Twenty minutes and four pushes later, the squeals of my little boy erupted through the room, filling my eyes with tears and my heart with unconditional love, on a different level than that shared with a spouse, or parent or sibling. The doctor placed the tiny 6 pound 10 ounce baby in my lap, covered in amniotic fluid and still bloody. He was brand new! They took him back, and my husband cut the umbilical cord, after which he was cleaned off and then given back to me for food and warmth. My mother came into the room then, and was awestruck with her first grandchild. We urged my in laws to turn on text messaging on their phone, so they could receive photos of their second grandchild, while en route to New York for a funeral. My brother, took a momentary break from rounding with his patients to call. I couldn’t believe that in my arms I held the little person whose presence I had only felt through tummy kicks, ultrasounds and sonograms…the little person who suddenly turned my world upside down, in a good kind of way. My husband whisked him away to recite the traditional prayers in his ears, invoking in him from the time of his birth, his way of life. He was then taken to the nursery, and I was wheeled to the recovery room where I spent the next 2 nights, dreading the walls, the nurses that wouldn’t let me sleep, the IV that prevented me from walking around when I wanted and the swollen feet that kept on swelling. I chose to have my little boy stay with us at night, though nurses warned that I wouldn’t get sleep. So said, so done…he was alarmed at his outer surroundings and stayed awake until 6 am. Nurses entered and professed that he was the brightest eyed, widest awake newborn they had ever seen.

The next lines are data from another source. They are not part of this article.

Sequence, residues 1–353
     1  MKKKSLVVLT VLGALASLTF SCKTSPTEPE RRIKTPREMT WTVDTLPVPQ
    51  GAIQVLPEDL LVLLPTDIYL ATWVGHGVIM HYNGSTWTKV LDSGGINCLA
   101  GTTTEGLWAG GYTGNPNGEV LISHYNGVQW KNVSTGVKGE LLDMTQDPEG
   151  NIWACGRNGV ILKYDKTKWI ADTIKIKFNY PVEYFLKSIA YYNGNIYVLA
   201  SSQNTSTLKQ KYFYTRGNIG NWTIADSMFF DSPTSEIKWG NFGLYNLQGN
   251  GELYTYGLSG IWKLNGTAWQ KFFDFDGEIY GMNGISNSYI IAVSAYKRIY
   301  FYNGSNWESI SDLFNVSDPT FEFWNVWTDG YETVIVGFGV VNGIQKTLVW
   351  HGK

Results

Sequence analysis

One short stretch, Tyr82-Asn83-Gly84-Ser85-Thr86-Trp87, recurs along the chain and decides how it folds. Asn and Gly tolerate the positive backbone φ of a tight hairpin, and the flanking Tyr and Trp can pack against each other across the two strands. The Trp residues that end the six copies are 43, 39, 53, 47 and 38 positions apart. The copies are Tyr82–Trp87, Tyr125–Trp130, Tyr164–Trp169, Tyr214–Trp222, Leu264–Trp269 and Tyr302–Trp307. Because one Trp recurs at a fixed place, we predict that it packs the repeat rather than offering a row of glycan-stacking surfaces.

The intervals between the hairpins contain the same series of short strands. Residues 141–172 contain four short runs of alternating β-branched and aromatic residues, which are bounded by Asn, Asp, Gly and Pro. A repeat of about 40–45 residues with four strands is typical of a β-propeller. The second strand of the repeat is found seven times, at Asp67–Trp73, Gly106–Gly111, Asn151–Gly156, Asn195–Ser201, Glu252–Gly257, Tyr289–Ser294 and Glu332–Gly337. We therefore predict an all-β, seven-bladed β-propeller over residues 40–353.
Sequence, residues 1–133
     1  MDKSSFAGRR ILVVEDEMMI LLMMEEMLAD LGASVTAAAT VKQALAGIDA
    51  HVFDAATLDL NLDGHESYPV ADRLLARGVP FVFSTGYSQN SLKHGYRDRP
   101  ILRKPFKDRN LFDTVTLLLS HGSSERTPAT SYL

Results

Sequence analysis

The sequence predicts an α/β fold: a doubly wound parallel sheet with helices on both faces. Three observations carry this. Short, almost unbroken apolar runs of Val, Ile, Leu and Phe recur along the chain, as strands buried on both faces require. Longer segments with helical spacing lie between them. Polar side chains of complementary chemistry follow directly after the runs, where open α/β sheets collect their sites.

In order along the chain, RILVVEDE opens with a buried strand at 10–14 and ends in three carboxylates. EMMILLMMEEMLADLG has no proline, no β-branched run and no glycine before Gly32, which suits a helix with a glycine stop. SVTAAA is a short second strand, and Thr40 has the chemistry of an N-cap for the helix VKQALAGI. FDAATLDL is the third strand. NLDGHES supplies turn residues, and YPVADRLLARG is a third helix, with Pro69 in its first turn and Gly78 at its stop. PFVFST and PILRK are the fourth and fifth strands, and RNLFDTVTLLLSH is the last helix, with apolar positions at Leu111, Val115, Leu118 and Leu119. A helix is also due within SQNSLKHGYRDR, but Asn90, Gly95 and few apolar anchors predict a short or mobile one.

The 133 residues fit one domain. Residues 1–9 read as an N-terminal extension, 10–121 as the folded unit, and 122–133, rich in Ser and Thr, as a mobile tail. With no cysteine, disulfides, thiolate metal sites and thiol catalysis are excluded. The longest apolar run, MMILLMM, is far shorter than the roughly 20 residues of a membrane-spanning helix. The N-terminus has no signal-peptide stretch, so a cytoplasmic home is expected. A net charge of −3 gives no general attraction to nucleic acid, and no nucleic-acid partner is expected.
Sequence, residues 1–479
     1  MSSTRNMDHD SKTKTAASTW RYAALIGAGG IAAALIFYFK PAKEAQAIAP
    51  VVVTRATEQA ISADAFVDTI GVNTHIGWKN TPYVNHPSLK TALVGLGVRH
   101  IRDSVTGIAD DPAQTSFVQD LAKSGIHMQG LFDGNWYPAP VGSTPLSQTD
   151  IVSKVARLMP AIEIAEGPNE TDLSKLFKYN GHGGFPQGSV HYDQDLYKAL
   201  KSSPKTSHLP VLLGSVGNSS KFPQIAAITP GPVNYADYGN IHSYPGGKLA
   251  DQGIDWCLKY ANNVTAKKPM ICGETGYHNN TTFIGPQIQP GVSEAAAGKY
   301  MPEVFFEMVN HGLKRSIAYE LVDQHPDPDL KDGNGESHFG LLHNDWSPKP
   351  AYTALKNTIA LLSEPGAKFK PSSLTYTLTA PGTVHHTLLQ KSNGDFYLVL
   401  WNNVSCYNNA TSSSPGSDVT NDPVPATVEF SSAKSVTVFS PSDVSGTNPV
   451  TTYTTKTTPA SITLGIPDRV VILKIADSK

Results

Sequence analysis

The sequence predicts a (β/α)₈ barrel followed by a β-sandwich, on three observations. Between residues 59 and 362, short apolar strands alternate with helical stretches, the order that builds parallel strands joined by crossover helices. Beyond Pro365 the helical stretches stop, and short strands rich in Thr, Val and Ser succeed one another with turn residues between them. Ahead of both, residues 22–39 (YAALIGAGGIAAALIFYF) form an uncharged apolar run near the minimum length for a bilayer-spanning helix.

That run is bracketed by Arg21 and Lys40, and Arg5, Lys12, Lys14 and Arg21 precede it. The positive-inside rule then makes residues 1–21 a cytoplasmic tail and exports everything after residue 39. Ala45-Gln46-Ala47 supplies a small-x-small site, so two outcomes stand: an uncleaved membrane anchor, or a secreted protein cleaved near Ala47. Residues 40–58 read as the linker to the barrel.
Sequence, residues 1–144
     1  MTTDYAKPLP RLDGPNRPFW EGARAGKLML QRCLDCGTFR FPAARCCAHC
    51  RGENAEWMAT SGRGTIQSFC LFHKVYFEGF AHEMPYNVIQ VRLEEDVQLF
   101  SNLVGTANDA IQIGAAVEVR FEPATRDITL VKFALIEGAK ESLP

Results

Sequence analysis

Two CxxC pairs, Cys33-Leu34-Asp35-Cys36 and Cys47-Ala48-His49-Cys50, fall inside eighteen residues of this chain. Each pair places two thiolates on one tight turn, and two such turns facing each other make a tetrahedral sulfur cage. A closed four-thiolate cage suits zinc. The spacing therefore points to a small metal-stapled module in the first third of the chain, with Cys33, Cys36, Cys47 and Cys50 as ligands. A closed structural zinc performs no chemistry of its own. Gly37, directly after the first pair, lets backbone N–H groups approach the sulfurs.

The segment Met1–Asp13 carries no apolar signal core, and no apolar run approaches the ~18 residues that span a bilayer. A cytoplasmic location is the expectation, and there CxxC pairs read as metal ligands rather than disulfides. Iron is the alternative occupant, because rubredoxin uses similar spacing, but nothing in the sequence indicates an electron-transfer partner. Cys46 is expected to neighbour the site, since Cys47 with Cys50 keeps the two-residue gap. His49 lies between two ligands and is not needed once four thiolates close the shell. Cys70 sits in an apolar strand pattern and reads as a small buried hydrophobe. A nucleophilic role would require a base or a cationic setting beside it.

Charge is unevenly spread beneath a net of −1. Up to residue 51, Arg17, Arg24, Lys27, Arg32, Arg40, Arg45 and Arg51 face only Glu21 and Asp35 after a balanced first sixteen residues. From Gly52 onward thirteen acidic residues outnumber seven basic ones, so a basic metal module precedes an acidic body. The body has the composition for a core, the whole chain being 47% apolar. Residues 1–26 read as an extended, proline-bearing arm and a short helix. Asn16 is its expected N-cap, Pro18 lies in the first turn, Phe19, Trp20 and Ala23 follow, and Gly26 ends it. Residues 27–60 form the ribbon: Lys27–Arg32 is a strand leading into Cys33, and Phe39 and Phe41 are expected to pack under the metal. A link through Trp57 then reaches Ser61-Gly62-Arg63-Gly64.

As the weeks and months have progressed, I become increasingly thankful for the opportunity to watch him grow up, thankful that I was the one who saw him smile and giggle and talk and crawl and stand for the first time, thankful that God knew a better, prouder profession lay in motherhood and education than in industry and led me accordingly.
I can’t believe an entire year has gone by so quickly, I can’t believe my little boy is emptying my drawers and dishwasher and dryer and cupboards and eating chicken!